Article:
Arguably this model can be applied to our public discourse about the rise of multi-ethnic, multi-cultural societies and the onset of globalisation. It seems to me that the position of EDL is by and large a sectarian and nihilistic one, that for all its protestations of being rational, finds roots primarily in a distorted, fear-ridden view of societal change and a sentimental craving for a mythical England of yesteryear.

    Furthermore, Stephen Lennon and other EDL leaders - for all their talk of peaceful protest - have a clear association with football hooliganism. It's hard not to get the feeling, when you see video footage such as this, this and this, that Lennon et al are organising  EDL marches for a similar 'Saturday buzz' to the one that has driven matchday violence  - rather than any real commitment to ideals. After all, actions speak louder than words.

    Which takes me back to one of the first Quaker meetings I attended where there was discussion (in the peculiar Quaker way) of the spontaneous youth protests for democracy across the Middle East and NUS marches against the socio-economic policies of the Conservative-Liberal coalition government (some of which had involved rioting) - and how inspiring it had been to see young people so passionate about change, "flooding out of their temples to put their beliefs into action." An elderly Quaker gentleman rose from his seat to remind the congregation that the fight for noble ideals and the challenging of the old order ("speaking truth to power"), no matter how passionately pursued, should contain a measure of civility. I think this is a Quaker principle that Britain would benefit from.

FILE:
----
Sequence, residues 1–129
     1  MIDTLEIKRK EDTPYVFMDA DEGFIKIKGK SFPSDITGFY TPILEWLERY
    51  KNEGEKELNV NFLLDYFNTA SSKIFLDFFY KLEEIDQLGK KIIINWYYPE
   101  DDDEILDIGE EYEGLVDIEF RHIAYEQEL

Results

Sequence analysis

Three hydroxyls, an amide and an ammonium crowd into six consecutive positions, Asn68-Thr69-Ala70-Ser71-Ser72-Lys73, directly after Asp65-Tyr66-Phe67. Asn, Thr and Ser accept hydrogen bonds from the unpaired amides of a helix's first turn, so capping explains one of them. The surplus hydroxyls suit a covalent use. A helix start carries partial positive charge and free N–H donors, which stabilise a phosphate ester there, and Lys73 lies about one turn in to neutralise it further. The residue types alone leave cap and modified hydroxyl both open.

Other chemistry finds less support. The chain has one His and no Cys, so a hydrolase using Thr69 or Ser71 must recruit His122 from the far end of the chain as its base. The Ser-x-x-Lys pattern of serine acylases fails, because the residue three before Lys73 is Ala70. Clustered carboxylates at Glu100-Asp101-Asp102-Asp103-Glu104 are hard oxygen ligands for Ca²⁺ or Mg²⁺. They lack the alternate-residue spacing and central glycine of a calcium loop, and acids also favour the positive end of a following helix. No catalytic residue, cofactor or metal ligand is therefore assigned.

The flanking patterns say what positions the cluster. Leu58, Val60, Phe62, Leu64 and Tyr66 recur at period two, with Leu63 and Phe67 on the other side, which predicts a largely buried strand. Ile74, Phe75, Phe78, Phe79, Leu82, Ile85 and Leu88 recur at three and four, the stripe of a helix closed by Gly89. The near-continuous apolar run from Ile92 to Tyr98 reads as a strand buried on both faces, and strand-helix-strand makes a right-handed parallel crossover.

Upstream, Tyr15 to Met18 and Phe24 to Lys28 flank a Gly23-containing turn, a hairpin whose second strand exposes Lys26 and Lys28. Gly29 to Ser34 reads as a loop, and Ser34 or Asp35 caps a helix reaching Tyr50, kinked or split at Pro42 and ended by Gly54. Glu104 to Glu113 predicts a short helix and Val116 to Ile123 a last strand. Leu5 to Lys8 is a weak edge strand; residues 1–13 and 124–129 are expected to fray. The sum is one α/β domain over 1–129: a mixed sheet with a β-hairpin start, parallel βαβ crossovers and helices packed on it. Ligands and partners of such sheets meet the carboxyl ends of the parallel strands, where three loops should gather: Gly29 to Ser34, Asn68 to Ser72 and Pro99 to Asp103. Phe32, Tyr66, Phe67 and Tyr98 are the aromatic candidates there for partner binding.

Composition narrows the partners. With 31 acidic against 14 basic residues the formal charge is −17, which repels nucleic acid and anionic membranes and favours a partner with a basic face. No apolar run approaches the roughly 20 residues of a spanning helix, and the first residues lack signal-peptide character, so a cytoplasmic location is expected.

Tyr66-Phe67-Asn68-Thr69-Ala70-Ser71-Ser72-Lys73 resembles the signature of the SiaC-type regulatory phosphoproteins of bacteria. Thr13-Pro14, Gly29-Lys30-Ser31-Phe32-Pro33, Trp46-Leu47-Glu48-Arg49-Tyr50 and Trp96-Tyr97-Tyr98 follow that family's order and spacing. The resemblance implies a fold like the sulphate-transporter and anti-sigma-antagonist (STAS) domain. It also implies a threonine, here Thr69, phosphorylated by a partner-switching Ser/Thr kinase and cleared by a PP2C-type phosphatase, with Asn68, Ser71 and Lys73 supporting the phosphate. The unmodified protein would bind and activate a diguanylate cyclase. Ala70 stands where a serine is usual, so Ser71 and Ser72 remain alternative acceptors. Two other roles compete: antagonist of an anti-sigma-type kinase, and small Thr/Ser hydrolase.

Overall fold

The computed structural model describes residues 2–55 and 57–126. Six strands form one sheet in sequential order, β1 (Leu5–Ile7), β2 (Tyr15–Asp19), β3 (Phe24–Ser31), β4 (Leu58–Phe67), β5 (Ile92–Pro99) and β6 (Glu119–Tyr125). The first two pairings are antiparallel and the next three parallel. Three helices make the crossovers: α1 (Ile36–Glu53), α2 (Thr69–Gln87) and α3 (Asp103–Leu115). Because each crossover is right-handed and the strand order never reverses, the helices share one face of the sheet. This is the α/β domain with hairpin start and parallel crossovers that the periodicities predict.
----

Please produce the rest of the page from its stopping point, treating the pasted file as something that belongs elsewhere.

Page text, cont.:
Sacrificial Lambs vs. Sacrilegious Wolves

    Anders Behring Breivik sits in a cell this morning believing he has a committed a sacrificial act in Norway - seemingly convinced he has given himself over to a higher, more noble cause. I do think the stark truth will hit him at some point. He is simply a mass murderer, despite his pretensions.

    Yet across the globe we hear of a young Japanese man, going under the pseudonym Atsushi Watanabe, who has signed himself to working on containing the aftermath of the earthquake-hit Fukushima Daiichi nuclear power plant.

    In talking of his job, which is likely to lead to complex health problems which will in turn devastate all aspects of his life from being able to work until his older years, having a wife, having children etc., he simply says:

    "There are only some of us who can do this job... I'm single and young and I feel it's my duty to help settle this problem."